For those of us with nationalities that allow travel to Israel (which includes a number of Muslim majority countries) we should make a sincere intention to travel to al-Aqsa with or without Israeli occupation. The way things are right now, peace does not look imminent, the Palestinian Authority essentially runs as an Uncle Tom Authority (to use the nomenclature of Malcolm), and it does not look as though they will have the will and determination, particularly given the ruling party Fatah’s secular leaning, to secure or care about complete control of the Noble Sanctuary. Just as we as Muslims in the west need to stop relying on politicians at home to make our societies a better place to live in, we need to do the same for other Muslims in other countries. Let us not put our hopes on politicians who do not know or care about us, in the hope that maybe some day he or she will do the right thing, let us as Muslims roll up our sleeves and instead put our trust in Allah. If Muslims were to travel to al-Aqsa, regularly and in large numbers, it would ensure the sanctity of the blessed place would remain intact, as a result, if we go there and purposely ensure we stay in Arab owned hotels, eat in their restaurants, buy their goods and so on, it would enable the Palestinians (both Muslims and Christians) to have more economic clout which will lead them to have more of a say in Israeli society.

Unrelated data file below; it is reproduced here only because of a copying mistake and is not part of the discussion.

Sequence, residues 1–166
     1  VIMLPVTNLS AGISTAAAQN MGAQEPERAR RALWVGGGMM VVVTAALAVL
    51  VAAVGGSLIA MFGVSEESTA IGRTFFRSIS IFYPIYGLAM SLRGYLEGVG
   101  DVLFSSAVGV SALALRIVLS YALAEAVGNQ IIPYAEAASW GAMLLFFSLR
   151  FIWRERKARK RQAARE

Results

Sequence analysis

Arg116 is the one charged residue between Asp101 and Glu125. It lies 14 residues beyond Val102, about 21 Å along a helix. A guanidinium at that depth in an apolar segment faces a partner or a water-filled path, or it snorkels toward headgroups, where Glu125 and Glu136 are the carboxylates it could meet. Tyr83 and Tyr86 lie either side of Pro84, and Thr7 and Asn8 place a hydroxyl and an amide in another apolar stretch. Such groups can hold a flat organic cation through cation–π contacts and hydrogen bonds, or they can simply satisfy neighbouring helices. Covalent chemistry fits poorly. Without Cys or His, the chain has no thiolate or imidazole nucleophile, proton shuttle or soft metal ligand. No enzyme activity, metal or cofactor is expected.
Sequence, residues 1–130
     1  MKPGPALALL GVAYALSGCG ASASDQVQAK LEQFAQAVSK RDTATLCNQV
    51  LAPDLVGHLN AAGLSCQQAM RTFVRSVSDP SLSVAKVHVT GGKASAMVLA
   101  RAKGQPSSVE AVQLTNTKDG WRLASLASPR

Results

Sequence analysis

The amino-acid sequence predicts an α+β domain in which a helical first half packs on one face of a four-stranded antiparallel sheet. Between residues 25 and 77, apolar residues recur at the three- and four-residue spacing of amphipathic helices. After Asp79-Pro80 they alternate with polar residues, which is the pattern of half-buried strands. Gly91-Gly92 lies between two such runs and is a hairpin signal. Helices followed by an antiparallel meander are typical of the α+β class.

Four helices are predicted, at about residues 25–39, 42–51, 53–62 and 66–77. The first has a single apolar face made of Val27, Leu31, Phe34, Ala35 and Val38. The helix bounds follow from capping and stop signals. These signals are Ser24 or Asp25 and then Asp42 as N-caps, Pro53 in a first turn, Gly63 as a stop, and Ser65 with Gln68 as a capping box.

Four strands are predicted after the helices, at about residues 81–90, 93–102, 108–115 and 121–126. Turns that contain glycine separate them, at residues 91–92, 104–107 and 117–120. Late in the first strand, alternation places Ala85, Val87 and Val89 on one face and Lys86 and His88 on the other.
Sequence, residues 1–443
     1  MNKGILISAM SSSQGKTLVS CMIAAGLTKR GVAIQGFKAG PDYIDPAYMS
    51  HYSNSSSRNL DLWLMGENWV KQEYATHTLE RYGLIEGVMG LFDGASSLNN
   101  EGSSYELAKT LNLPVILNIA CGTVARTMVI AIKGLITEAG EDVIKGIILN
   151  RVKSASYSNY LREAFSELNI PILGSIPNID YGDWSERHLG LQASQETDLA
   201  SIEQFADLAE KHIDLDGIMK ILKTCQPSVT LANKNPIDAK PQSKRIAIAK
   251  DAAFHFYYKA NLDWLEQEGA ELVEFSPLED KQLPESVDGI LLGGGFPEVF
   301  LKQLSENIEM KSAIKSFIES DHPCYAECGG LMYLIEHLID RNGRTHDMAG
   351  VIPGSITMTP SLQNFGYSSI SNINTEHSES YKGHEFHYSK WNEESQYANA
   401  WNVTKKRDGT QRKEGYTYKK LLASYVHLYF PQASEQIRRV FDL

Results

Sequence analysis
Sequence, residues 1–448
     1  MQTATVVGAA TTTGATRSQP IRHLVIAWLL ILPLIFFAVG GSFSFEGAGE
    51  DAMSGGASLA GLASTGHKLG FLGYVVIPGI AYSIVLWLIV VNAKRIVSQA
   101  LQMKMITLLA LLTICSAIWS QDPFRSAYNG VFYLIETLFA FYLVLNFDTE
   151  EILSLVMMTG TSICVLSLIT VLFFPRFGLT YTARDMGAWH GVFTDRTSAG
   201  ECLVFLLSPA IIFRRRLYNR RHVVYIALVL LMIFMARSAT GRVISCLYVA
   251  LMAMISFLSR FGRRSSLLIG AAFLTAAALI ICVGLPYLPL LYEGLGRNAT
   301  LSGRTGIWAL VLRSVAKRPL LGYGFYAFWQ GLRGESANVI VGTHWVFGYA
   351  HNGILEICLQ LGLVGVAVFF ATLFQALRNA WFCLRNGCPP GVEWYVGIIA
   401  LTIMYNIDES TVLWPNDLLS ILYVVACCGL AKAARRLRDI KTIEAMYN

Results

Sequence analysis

One concern Muslims may have travelling to the region is Israeli immigration. The fact of the matter is their discriminatory profiling of travellers is part of the establishment’s wider aim to ensure the weakening of foreign solidarity with the Palestinians. When one travels there it is obvious to see that Israeli immigration, apart from the desk clerks, are highly understaffed. It’s for this reason the Flytilla incident happened in 2012, Israel does not have the means or manpower to put large numbers of travellers through their stringent immigration checks. Again if the number of Muslims travelling to the area were to increase, Israel would have no choice but to either reduce their checks for Muslim travellers, or spend the millions required to vet every single one that comes through their borders.